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Unix Server Tools

Unix Server Tools

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Unix Server Tools

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  1. Guntis Barzdins Girts Folkmanis Juris Krūmiņš Artūrs Lavrenovs Unix Server Tools

  2. Unix Server Tools IP connectivity, routing Daemons Syslog Inetd etc. Cron Security

  3. Networking Software Good free implementations for: DNS BIND v8/9, djbdns SMTP sendmail, qmail, postfix, exim POP/IMAP qpopper, uwimapd, dovecot HTTP Apache, nginx PHP, MySQL “If it was hard to develop, it should be hard to install!”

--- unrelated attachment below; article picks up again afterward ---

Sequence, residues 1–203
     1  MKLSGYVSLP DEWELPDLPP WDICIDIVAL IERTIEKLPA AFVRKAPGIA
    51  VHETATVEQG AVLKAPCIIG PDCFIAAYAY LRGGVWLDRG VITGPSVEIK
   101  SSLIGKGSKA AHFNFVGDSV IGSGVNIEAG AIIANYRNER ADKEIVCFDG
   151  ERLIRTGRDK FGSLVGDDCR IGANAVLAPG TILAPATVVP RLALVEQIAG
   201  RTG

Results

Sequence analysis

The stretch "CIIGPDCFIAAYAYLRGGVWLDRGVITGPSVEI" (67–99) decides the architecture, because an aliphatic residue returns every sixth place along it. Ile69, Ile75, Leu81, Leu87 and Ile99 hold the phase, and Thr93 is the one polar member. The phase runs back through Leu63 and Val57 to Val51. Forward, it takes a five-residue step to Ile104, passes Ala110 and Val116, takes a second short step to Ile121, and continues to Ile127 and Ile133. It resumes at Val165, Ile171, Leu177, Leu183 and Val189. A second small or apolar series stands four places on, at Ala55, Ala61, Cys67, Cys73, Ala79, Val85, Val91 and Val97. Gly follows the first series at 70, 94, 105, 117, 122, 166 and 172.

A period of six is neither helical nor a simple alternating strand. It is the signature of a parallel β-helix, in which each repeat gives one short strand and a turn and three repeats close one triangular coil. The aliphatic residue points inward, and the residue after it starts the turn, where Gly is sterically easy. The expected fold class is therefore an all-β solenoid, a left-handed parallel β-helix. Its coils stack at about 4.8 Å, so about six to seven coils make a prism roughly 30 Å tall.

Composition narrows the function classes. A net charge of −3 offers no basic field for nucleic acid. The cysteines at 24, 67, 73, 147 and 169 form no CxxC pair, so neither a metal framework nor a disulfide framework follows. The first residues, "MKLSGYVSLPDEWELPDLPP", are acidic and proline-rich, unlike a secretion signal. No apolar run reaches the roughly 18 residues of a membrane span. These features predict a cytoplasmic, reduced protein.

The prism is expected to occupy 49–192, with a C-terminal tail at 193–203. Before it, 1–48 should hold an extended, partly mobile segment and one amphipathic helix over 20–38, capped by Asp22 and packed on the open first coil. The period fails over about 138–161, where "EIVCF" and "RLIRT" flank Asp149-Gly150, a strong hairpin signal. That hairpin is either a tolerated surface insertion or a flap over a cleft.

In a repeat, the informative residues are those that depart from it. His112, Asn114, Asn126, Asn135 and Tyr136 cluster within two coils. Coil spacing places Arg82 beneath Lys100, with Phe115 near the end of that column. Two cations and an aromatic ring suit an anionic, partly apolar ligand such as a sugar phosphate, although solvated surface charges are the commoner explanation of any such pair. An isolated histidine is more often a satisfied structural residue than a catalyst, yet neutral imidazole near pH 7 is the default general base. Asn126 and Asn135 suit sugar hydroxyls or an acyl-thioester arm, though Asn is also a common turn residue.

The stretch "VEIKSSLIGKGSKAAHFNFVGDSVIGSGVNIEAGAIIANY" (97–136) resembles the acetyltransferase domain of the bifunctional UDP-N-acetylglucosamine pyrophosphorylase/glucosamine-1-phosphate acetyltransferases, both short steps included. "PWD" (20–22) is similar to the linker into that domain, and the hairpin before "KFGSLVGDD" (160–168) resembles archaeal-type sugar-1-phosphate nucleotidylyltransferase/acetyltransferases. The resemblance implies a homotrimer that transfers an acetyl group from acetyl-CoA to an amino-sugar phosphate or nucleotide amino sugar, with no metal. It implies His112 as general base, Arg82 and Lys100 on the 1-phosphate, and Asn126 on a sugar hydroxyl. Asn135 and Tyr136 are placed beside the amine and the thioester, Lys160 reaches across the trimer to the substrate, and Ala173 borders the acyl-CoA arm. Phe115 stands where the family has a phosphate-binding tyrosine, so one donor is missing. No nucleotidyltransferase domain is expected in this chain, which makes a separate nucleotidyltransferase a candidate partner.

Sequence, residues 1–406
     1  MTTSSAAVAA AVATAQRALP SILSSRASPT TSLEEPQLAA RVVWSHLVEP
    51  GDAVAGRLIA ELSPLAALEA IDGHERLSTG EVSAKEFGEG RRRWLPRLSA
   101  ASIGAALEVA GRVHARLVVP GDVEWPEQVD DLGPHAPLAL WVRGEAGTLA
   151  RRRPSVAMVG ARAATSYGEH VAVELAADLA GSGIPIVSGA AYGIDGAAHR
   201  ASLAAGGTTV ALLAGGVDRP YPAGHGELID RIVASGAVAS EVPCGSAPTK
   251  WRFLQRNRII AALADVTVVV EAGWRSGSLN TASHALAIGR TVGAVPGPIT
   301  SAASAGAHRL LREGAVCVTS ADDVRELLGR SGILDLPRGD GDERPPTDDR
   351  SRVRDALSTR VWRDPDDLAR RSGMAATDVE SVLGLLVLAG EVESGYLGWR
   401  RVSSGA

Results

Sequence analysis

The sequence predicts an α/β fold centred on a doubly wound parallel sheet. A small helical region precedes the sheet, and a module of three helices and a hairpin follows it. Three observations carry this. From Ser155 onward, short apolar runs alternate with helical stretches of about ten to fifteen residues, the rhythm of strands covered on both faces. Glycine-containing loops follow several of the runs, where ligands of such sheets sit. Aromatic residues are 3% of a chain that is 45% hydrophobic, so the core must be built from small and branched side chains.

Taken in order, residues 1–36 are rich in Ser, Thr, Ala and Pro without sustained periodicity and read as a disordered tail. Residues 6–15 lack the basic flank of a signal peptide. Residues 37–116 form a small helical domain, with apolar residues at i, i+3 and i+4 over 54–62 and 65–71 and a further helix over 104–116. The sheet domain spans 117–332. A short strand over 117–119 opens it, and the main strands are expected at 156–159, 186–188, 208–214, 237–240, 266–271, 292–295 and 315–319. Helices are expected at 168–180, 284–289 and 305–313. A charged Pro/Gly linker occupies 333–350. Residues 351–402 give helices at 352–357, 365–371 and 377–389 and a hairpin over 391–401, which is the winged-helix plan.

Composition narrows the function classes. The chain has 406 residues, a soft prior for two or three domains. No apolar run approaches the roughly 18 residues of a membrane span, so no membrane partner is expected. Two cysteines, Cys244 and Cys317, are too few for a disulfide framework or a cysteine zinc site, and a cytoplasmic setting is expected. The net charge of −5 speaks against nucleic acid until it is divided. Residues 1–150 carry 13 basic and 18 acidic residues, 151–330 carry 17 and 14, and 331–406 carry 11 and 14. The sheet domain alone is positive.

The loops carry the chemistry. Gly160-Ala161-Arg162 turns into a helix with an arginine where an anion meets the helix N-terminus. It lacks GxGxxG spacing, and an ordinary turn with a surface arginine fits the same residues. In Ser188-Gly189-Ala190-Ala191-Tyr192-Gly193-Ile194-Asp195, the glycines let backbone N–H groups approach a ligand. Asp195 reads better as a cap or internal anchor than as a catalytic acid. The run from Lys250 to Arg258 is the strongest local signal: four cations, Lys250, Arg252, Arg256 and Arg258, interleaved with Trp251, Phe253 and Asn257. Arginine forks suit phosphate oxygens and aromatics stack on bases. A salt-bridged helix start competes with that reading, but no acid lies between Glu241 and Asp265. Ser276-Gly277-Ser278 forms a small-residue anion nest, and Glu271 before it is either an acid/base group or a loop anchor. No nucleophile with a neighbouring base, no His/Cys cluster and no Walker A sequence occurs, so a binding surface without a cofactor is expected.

4. Two IP processing modes: host or router Manual change # more /proc/sys/net/ipv4/ip_forward 0 # echo 1 > /proc/sys/net/ipv4/ip_forward # more /proc/sys/net/ipv4/ip_forward 1 # Use of sysctl (modify kernel parameters /proc/sys/ at runtime) Eg: #/sbin/sysctl net.ipv4.ip_forward net.ipv4.ip_forward = 1 Eg: #/sbin/sysctl -w net.ipv4.ip_forward=0 net.ipv4.ip_forward = 0 Record changes in /etc/sysctl.conf (to activate after reboot)